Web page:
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Payday lending – Helpful or harmful?

29 July 2016
Author: Maya Ramchandani
How informed are you on payday lending? The industry has been under intense scrutiny for its predatory lending practices, particularly in the past few months with increased media attention highlighting changes in laws and regulations.  
  • In June 2016, Alberta passed a by-law requiring payday lenders to provide borrowers with debt and money management resources, stipulating that failure to do so will result in a $1,000 fine.
The payday lending industry has surfaced as a hot-topic but does everyone know what all the fuss is about?
What’s a payday loan and how does it work?
A payday loan is a cash advance with fees associated with borrowing. In accordance with federal law, a payday loan must not exceed $1,500 or span a period exceeding 62 days.   
Figure 1 compares the differences in costs associated with various types of credit sources. Credit cards can often have high interest rates, however when compared to payday loans, credit cards are much cheaper. The difference between a credit card and a payday loan is the cost of borrowing.

Figure 1
Figure 1
Credit Card vs Payday Loan
A consumer using a payday lender in New Brunswick pays $63 to borrow $300 over a period of 10 days. Under those same conditions using a credit card costs only $1.65. That’s drastic – $63 compared to $1.65. The highest interest credit cards have an annual interest rate of 21 per cent - therefore $300 borrowed for 10 days out of 365 days will only incur $1.65 in interest (the cost of borrowing). When the payday lending “fee” is treated as interest, a $63 cost to borrow over a 10 day period translates into an annual interest rate of 766%! Figure 2 illustrates the annual interest rate of payday lending services across Canada.  

Figure 2
Why are payday loans harmful to consumers?
1. Borrowers are forced to pay unfair interest rates. Whenever you request a payday loan, you must repay the loan on your next pay day. Whether you borrow $300 for a period of seven days or 28 days, you are obliged to pay the same interest cost of $63. So one borrower might pay 21 per cent weekly interest while another ends up paying 5.25 per cent weekly interest.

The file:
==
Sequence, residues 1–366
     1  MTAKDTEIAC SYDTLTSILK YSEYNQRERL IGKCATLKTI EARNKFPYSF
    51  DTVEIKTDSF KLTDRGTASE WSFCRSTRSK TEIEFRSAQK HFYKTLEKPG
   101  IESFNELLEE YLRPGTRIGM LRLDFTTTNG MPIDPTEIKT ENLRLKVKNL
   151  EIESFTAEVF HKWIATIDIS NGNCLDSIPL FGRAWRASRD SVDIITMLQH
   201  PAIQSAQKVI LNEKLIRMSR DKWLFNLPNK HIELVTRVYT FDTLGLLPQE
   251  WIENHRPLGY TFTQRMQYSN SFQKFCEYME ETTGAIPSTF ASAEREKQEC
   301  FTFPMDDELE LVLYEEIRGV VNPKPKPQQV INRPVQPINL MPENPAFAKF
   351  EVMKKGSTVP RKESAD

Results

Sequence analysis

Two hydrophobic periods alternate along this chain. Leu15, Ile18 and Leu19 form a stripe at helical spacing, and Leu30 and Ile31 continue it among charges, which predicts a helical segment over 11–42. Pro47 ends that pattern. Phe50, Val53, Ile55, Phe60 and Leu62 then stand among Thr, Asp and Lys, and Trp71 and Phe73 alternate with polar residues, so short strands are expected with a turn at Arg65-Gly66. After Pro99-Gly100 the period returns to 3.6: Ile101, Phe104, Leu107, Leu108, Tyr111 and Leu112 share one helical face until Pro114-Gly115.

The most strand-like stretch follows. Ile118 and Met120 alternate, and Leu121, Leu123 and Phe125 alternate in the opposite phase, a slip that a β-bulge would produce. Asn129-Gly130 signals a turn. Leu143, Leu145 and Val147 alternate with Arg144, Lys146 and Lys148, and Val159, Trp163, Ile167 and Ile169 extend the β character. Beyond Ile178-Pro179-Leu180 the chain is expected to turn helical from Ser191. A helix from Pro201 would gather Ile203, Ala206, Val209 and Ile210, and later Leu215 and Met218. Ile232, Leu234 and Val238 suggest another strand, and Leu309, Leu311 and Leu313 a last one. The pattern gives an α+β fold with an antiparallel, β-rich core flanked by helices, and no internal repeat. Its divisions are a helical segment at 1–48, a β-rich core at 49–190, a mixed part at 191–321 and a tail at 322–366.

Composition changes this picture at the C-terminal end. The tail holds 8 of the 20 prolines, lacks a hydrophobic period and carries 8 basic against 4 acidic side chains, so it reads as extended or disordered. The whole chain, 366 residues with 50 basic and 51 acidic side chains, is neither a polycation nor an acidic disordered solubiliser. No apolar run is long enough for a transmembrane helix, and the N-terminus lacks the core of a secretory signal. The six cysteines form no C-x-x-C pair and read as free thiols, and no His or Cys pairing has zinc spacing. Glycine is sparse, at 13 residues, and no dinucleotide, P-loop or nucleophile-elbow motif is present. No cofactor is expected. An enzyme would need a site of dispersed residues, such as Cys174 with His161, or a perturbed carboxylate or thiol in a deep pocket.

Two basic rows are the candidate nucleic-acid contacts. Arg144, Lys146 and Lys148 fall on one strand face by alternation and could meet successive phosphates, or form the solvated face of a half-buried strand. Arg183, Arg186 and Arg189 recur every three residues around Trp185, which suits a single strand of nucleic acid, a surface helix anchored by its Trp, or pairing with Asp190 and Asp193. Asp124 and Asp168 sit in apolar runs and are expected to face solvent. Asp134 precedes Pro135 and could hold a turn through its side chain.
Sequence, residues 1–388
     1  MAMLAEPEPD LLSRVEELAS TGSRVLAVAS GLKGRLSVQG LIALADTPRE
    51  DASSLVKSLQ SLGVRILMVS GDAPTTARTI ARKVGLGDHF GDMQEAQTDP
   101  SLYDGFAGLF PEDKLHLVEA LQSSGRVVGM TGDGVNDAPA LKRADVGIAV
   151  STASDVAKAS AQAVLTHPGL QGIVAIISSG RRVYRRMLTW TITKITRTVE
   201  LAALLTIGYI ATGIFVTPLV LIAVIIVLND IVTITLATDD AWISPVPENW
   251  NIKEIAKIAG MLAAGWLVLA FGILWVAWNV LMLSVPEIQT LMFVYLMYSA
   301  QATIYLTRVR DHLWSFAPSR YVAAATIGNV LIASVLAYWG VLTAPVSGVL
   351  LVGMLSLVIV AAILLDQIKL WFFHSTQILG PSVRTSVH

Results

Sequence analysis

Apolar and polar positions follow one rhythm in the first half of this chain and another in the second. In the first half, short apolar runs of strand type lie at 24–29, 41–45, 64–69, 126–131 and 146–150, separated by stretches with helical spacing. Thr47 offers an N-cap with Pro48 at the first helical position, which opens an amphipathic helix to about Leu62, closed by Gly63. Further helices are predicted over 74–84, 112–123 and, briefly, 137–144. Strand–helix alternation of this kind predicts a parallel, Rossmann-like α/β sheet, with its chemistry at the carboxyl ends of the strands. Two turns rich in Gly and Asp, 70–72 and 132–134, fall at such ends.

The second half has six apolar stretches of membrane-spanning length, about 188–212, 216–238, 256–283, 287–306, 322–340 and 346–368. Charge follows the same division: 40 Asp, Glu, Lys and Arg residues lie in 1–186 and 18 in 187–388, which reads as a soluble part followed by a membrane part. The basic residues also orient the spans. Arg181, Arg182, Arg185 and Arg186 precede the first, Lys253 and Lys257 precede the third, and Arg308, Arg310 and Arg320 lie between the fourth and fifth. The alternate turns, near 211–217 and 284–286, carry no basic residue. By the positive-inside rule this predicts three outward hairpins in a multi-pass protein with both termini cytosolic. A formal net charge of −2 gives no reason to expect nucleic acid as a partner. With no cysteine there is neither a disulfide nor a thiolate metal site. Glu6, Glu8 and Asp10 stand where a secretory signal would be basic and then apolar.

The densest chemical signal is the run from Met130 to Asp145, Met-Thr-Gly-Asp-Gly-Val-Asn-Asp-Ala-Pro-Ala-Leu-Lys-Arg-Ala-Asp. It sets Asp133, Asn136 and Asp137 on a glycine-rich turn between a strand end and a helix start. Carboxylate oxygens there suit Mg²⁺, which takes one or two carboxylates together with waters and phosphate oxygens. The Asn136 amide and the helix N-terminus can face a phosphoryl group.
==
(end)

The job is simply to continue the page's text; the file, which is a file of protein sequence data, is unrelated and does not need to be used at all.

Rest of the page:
2. Payday lenders do not help customers build their credit. Payday lenders issue loans without a credit check. Credit checks are used to measure your ability to repay the loan you are issued. People with poor credit scores have fewer options for borrowing and are therefore more prone to resorting to a payday lender. In fact, individuals who have been declined a credit card are 3.6 times more likely to resort to a payday lender (1). Since payday lenders do not report borrower compliance to the credit bureaus their customers cannot build credit or improve their credit score. As a result, they remain ineligible for cheaper and safer loans such as a line of credit. 

3. Payday lenders target people living on low incomes often leading them into a cycle of debt and dependency. Fifty per cent of payday users fall within the bottom 20 per cent of net-worth distribution in Canada (1). According to the 2005 Survey of Financial Security conducted by Statistics Canada, “households with less than $500 in the bank were 2.6 times more likely to have used a payday lending service than those with over $2,000 in the bank”(1). Many payday users are on a tight budget living from paycheque to paycheque and can’t afford the $63 interest cost of borrowing from payday lenders. This leaves them short at the end of the month requiring another loan to be taken out to meet their expenses and the costs associated with the first loan. That is where consumers fall into a debt cycle.